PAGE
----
In many ways it offers up a positive, if you identify patterns you can then work towards preventing them, or if beneficial promoting them.

And don't take WAPO as a good source, Bezos owns it, therefore doubt is encouraged.
#14
You mean hypothesis. Right? Because a theory has the ability to predict the future and I doubt that there is any tengible evidence in here that can make accurate predictions.
#15
been listening to the audio book, and it's kind of disappointing. very repetitive without expanding much on the theory.

if these archetypes are a product of socializing factors, what happens when those factors change?

young adults are hitting life milestones at later and later ages: leaving home, joining the workforce, starting a family, etc.

people are living longer and are staying in the workforce and positions of power for longer.

what about globalization? thanks to the internet, people are socializing and being influenced by other people from around the globe who could be the same age but belong to a different generational archetype or not conform to any of the identified generational archetypes. do canadian millenials belong to the hero archetype as well? could they belong to the artist archetype instead (canada having its national crisis in 1995 with the quebec seperation referendum)? maybe canadians don't fit neatly into any of the proposed archetypes? how does this impact the social cues which would lead US millenials to adopt the hero archetype?
#16
Quote by jrcsgtpeppers
You mean hypothesis. Right? Because a theory has the ability to predict the future and I doubt that there is any tengible evidence in here that can make accurate predictions.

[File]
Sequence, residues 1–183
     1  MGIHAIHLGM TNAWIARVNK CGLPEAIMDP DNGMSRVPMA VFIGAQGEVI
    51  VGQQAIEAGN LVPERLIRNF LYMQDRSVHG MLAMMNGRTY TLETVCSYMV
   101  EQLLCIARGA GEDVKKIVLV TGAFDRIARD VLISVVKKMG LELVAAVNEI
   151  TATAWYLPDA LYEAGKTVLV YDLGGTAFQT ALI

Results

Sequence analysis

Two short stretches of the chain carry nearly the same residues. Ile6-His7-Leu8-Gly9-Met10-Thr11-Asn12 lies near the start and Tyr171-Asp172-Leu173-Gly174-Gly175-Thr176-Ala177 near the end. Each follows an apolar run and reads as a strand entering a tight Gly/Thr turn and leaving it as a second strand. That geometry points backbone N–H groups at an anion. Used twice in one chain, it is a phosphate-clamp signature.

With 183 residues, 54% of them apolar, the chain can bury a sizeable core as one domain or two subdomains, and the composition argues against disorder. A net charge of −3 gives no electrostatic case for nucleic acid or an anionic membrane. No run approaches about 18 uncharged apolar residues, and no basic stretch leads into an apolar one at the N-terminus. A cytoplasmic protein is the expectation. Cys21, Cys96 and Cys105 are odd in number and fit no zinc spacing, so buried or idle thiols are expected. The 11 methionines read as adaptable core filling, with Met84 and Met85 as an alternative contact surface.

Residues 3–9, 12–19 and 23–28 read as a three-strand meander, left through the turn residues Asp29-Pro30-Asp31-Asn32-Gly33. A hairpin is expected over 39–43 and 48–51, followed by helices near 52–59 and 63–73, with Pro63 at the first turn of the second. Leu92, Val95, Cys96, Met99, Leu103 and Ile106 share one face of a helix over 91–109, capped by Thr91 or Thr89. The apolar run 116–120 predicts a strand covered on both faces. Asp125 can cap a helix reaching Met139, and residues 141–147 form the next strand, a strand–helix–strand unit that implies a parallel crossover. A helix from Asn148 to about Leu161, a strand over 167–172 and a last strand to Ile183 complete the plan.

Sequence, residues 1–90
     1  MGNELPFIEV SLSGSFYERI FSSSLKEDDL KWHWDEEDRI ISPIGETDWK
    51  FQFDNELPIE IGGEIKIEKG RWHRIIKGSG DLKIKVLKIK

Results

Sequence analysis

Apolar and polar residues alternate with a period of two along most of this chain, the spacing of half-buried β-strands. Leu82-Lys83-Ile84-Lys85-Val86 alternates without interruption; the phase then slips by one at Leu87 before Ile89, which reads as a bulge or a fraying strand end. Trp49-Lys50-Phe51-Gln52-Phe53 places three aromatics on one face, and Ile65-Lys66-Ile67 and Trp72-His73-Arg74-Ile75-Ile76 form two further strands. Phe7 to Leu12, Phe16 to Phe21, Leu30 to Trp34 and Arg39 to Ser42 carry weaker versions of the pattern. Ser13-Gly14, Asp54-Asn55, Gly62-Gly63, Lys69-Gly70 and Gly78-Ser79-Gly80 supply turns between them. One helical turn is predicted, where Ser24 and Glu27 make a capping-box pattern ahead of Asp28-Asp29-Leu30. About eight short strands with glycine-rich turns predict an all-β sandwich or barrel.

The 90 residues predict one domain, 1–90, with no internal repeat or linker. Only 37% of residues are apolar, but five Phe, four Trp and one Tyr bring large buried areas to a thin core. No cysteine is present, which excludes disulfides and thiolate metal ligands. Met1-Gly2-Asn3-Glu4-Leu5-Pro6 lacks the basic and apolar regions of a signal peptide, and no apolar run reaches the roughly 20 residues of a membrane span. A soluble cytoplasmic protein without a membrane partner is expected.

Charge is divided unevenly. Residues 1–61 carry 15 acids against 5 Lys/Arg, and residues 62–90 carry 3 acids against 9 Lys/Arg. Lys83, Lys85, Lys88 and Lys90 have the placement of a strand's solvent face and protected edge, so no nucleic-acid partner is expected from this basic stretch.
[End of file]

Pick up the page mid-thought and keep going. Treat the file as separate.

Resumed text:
is that really the distinction to make between hypothesis and theory? is a theory just a substantiated hypothesis? does it not make sense to talk of unsubstantiated theories? or is a hypothesis an example of something which a theory would predict assuming it was correct? that is, you develop a theory from which you can generate hypotheses which can be used to test the theory.
#17
Quote by 33db
FFS don't look at it in such a small way, the theory wasn't developed for the likes of Bannon to fluff up his Ideology.
In many ways it offers up a positive, if you identify patterns you can then work towards preventing them, or if beneficial promoting them.

And don't take WAPO as a good source, Bezos owns it, therefore doubt is encouraged.


What gave you that impression? The article I linked even had the original author state how Bannon kind of misinterpreted it. Can't fault the original authors for just presenting a theory of how the world works

Quote by Godsmack_IV
is that really the distinction to make between hypothesis and theory? is a theory just a substantiated hypothesis? does it not make sense to talk of unsubstantiated theories? or is a hypothesis an example of something which a theory would predict assuming it was correct? that is, you develop a theory from which you can generate hypotheses which can be used to test the theory.


I think informally it's fine to call such things "theories". A theory is basically a base model and fixed rules of how that model operates. In different areas and contexts it may have a more specialized meaning (like in logic or science). But informally, if you just define it like such, then IMO it's fine to call these theories, because that's what they do, they try to explain how a part of the world works but setting a base (of concepts, objects, people, etc) and then setting the rules that explain how all those work together.